When theatergoers leave screenings of “Red Riding Hood” this weekend, a great number of them will be saying, “The best thing about that movie was Gary Oldman.” This isn’t necessarily the greatest compliment that Oldman’s ever been paid – trust us, we’ve seen the movie – but it’s one that he’s heard plenty of times, and rightfully so.

On the occasion of this latest film, we thought we’d take a look back at 20 of his most notable roles, most of which are found in films far better than “Red Riding Hood.” That’s most, though, and not all. (See #10 and #13.) Still, as track records go, you’ll soon see that Oldman’s is pretty damned enviable.

1. Sid Vicious (Sid and Nancy, 1986): Most would agree that it was Oldman’s performance as the late Sex Pistols bassist which really put him on the radar. Even those who criticized the accuracy of the film generally had glowing words for Gary, and that goes all the way up to Johnny Rotten himself. “The chap who played Sid, Gary Oldman, I thought was quite good,” wrote John Lydon in his autobiography, Rotten: No Irish, No Blacks, No Dogs. “Even he only played the stage persona as opposed to the real person, (but) I don’t consider that Gary Oldman’s fault because he’s a bloody good actor.” This was echoed by the Evening Standard British Film Awards, who named Oldman the year’s Most Promising Newcomer.

2. Joe Orton (Prick Up Your Ears, 1987): Only 34 years passed between the life and death of English playwright Joe Orton, and one might be able to successfully argue that more people know him for his connection to the Fab Four (he wrote a screenplay, “Up Against It,” which was rejected as the Beatles’ cinematic follow-up to “Help!”) than for his plays, let alone this movie, but if you’ve managed to see “Prick Up Your Ears,” then you’re already aware of the phenomenal work Oldman does alongside Alfred Molina, who plays Kenneth Halliwell, Orton’s boyfriend and – eventually – his murderer. Indeed, Oldman’s performance earned him a BAFTA Award nomination for Best Actor.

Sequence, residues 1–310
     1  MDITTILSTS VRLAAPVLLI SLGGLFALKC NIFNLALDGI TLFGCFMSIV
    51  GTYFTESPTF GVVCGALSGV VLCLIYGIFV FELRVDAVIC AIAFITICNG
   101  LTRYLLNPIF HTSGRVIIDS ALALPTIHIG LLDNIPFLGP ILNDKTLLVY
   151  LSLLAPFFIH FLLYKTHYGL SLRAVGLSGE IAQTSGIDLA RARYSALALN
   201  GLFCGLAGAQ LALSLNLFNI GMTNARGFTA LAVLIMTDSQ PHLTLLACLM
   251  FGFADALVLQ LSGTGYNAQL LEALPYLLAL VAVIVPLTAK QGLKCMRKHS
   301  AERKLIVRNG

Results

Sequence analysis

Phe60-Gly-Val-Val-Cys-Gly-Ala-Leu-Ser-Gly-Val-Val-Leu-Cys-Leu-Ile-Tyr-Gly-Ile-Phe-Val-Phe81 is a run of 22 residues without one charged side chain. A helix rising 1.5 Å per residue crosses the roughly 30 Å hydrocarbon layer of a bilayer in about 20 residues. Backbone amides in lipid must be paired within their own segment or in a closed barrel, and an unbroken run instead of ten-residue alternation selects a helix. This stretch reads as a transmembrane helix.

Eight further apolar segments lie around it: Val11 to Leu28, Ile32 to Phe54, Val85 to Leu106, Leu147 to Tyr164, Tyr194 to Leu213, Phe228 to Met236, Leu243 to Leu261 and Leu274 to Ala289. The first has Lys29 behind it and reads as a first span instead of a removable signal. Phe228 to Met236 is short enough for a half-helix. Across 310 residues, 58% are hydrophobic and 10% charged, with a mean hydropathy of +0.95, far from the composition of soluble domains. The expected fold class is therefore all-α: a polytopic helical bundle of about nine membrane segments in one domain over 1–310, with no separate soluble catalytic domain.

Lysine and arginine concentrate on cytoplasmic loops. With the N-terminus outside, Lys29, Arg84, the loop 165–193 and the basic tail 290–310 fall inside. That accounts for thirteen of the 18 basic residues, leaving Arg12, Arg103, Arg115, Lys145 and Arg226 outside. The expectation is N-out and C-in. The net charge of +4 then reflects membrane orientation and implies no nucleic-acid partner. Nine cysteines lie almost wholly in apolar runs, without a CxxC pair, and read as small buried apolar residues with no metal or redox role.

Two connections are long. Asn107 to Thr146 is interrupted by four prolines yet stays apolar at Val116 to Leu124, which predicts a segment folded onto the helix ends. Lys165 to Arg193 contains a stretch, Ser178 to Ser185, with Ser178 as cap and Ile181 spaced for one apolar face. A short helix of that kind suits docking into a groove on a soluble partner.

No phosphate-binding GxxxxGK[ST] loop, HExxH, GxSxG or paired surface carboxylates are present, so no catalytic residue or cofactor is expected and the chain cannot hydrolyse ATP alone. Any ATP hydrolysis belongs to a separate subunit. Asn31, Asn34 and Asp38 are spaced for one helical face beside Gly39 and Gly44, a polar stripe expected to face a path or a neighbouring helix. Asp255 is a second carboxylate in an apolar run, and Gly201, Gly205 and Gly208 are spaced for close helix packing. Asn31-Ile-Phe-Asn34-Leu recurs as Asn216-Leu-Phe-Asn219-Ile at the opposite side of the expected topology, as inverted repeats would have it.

3. Rosencrantz (Rosencrantz & Gildenstern are Dead, 1990): Fans of the Bard with a sense of humor have long praised the way Tom Stoppard took two relatively insignificant characters from “Hamlet” and turned their actions – or, rather, their lack thereof – into a full-length play, but there’s not quite as much unanimity about the way the production transitioned onto the big screen. Still, the only real complaint tended to be that it probably played better when performed on a stage, which stands to reason. (After all, the play’s the thing, innit?) Granted, the humor’s a bit highbrow for the mainstream, but if you like Shakespeare, you’ll love seeing Oldman and Roth pondering their characters’ existence.

4. Jackie Flannery (State of Grace, 1990): Although Phil Joanou’s Irish-American crime drama didn’t break any box office records, possibly because the Italian-American criminal contingent had the higher profile at the time (this was right around the same time as “Goodfellas”), it sure had a hell of a cast: Oldman is teamed with Sean Penn, Ed Harris, Robin Wright, John Turturro, John C. Reilly, and Burgess Meredith. Throw in an Ennio Morricone score, and you’ve got the kind of picture that critics drool over…and rightfully so.

5. Lee Harvey Oswald (JFK, 1991): When you make a film about the assassination of President John F. Kennedy, if there’s one role that you absolutely, positively must cast perfectly, it’s that of the man who (ostensibly) assassinated him. In an interview with Empire, Oldman revealed that director Oliver Stone gave him a couple of plane tickets, a list of contacts, and told him to go research the part himself. You’d think it would’ve been easier on the budget if Stone had just paid for Oldman’s cab fare to the library, but, then, the library wouldn’t have provided Oldman with a tenth of the information about the man he was portraying that he ended up getting from his meeting with Oswald’s widow, Marina.